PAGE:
Like so many things at Fredericksburg Christian School, theatre is not just about vocal techniques and memorizing lines, it’s about leadership. Walking into a drama class led by theatre director Joshua King, you might find outgoing athletes, talented musicians, or the quiet and shy. Regardless, they’ll all be leaders in training.

Take Nathan Trementozzi ‘18–who played the Beast in their recent rendition of Beauty and the Beast. Outside of school, he’s been very involved in Christian Youth Theater. Within the walls of FCS, Nathan has developed a passion for performing arts. “He’s been bit by the acting bug,” says Joshua.

Corbin Sorenson ‘17, who has been in every production since Joshua King started his tenure, is the classic story of a shy freshman turned acting pro.

“Corbin is now actually directing a show,” says Joshua. “And he’s been offered a scholarship to the American Music and Dramatic Academy.” Joshua gives senior students the opportunity to take a leadership role; whether that’s writing a scene or directing a performance. They learn to “communicate professionally with each other.” They’re forced to make leadership decisions about how a scene is blocked and performed.

the beauty and the beast theater ensemble at FCS

Beauty and the Beast and the Crew

Joshua King uses drama to remind the students about where their talent comes from, and Who the glory belongs to. “Just like everything in this world, [our talents] come from the creator. Because God first created us, we need to strive to be like Him,” explains Mr. King.

In their spring play, students learned how to appreciate supporting roles and leading roles alike. Joshua taught the cast a new way of looking at Beauty and the Beast. “Yes, the Beast made a bad decision. But, the whole castle was hurt by it,” says Joshua. “We have to work together.” He likened the cast to the body of Christ, remembering that each and every person in the body of Christ is important to the end goal.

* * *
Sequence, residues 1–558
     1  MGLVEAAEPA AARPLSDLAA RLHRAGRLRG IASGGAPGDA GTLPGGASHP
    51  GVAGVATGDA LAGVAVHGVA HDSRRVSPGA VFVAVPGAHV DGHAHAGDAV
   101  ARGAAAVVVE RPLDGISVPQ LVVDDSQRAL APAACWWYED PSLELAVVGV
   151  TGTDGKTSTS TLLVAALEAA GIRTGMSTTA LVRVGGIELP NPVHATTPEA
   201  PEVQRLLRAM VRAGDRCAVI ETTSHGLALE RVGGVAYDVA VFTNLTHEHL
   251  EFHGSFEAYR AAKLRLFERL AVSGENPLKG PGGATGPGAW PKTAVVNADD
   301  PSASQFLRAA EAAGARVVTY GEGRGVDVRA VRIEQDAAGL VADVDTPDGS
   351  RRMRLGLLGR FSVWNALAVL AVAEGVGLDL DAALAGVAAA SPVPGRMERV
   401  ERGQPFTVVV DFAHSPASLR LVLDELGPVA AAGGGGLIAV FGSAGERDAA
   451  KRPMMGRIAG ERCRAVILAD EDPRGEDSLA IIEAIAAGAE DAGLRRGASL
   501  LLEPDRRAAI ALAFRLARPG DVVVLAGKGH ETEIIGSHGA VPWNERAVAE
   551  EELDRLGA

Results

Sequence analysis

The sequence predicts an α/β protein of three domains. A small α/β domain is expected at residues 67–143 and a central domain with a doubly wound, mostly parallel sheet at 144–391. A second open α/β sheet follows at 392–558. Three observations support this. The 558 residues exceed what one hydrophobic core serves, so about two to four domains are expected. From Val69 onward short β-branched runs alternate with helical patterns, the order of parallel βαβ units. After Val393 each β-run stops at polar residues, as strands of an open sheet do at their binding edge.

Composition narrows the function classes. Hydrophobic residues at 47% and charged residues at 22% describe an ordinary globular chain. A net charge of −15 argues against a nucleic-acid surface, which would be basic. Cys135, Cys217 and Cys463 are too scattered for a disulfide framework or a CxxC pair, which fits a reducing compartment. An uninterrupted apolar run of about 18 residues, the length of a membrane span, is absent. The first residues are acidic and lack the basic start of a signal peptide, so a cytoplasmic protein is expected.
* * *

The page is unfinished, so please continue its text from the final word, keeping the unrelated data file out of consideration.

Among those important roles were the nine tech team members who took care of lighting, special effects, and tech cues. Since the forty-eight member crew was made up of 6th-12th graders, lower school students were paired with upper school students. “We saw friendship and accountability form,” says Joshua.

A Message of Grace

Each year, the Drama 2 class ventures to the Virginia Theatre Association’s one-act festival. Students gain access to workshops from directors, actors, and college professors. They also have the opportunity to compete against schools from all over Virginia.

This year, Joshua wrote a one-act play about the grace of God. “Riding in, we thought you were either going to get it or you weren’t,” says Joshua. Their scores from the two judges could not have been more different. “One person gave us a low score. He said ‘I didn’t really understand the plot.’ The other judge gave us the highest score you could get, and wrote ‘thank you for writing this message and bringing it into a world that doesn’t have this type of message.’”

Later that night, FCS students were able to talk with kids from other high schools about their play and the incredible story it told of God’s grace.

Joshua King and his theater troupeReal Life Improv

Over the years, the drama department has produced some exceptional talent. Among them is Laura Long, who currently plays a supporting character in AMC’s Turn.

Students are learning to look a their world in a critical way. They even bring back notes and questions after seeing plays, tv shows, and movies. “I can’t tell you how many times something has come out and the students have come back with pages of notes about it; asking why certain choices were made.” Joshua King challenges them with questions of his own, like how they would have blocked the scene differently, or why something didn’t seem to work.

“There’s something special about acting live,” says Joshua. “Whether it’s an audience member or someone backstage, you never know when something is going to go different.” Mr. King’s philosophy about drama is simple: “If I can use drama to guide them to what the Lord wants them to do, then I’ve done my job.” He doesn’t push the students into a theatrical career, but hopes the lessons they learn will make them stronger, more equipped servants for the Lord.

“Maybe they’re supposed to be a public speaker,” says Joshua. “Or a pastor. You never know the things that can influence a kid to be a leader in the future.” One thing is for sure, these students will be able to improv for the Lord both on and off the stage.

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